The long-flagged withholding tax cuts and an implementation date for the promised superannuation clearing house facility represent the financial services centrepiece of the Rudd Labor Government’s first Federal Budget brought down last night.
While delivering little significant change to the financial services environment, the Budget package was warmly welcomed by a broad cross-section of the financial services industry, with the Financial Planning Association, the Investment and Financial Services Association (IFSA) and the Association of Superannuation Funds of Australia all finding positive elements.
However, even though the Australian Securities and Investments Commission will now be taking on responsibility for financial literacy, neither it nor its sister regulator, the Australian Prudential Regulation Authority, have picked up significant new funding to cover their tasks.
The Budget documents revealed that with many of the major regulatory changes now in place, the two bodies would have to largely operate within their existing allocations.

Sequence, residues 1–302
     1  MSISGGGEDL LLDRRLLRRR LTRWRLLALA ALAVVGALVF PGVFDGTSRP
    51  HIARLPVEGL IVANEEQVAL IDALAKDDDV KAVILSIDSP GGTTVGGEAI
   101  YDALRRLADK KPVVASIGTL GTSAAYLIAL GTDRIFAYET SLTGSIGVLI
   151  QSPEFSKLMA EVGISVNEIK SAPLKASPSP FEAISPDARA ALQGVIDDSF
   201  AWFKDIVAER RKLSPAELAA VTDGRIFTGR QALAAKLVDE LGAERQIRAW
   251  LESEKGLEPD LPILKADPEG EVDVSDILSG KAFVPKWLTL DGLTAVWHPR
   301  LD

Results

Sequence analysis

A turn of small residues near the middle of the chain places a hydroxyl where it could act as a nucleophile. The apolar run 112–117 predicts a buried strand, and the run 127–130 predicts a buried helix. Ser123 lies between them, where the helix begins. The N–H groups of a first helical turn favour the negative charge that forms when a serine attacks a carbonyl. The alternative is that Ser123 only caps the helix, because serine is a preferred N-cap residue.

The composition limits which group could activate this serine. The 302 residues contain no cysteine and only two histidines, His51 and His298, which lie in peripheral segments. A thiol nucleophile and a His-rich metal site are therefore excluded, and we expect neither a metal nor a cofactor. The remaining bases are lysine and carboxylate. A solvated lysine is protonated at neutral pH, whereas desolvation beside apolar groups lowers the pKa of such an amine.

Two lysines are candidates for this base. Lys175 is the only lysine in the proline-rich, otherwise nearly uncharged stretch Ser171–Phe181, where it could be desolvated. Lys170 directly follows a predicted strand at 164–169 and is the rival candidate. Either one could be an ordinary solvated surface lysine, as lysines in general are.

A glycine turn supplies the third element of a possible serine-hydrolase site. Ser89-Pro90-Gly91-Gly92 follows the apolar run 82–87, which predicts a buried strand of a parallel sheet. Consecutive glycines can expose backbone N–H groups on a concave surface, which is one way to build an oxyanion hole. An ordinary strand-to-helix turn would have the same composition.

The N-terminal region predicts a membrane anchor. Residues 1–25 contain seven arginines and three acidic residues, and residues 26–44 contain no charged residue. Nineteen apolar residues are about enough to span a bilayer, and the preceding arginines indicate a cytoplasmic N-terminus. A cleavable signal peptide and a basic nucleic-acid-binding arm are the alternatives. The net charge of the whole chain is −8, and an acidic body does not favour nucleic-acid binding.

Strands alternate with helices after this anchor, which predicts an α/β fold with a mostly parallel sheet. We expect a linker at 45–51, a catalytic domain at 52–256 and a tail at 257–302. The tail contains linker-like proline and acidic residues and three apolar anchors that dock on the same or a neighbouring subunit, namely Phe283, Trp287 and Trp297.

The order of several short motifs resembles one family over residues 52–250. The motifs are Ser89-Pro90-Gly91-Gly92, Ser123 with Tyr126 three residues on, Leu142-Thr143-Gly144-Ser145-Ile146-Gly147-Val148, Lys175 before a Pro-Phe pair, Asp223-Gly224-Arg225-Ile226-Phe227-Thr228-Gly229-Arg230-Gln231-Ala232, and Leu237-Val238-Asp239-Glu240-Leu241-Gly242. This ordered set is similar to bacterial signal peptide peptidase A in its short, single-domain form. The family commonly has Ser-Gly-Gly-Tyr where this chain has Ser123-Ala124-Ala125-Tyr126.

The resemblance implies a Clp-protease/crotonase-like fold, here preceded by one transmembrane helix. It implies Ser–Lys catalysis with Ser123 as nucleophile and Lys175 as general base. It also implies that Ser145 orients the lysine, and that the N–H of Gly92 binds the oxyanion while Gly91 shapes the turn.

With the exception of the withholding tax changes and the implementation date for the superannuation clearing house, which had been flagged well before the Budget, the Government steered clear of major changes to the financial services environment capable of significantly increasing the workload of financial advisers.
However, it did do some tidying up, amending the rules affecting capital protected borrowings and prescribed private sector funds.
As well, the Assistant Treasurer, Chris Bowen, announced that the Government would be proceeding with the Taxation of Financial Arrangements — something that will affect the tax handling of a range of transactions.
The Treasurer, Wayne Swan, last night used his Budget speech to place the withholding tax cuts front and centre, trumpeting the often-used IFSA argument that the measure would assist in Australia becoming a financial services hub for the Asia Pacific region.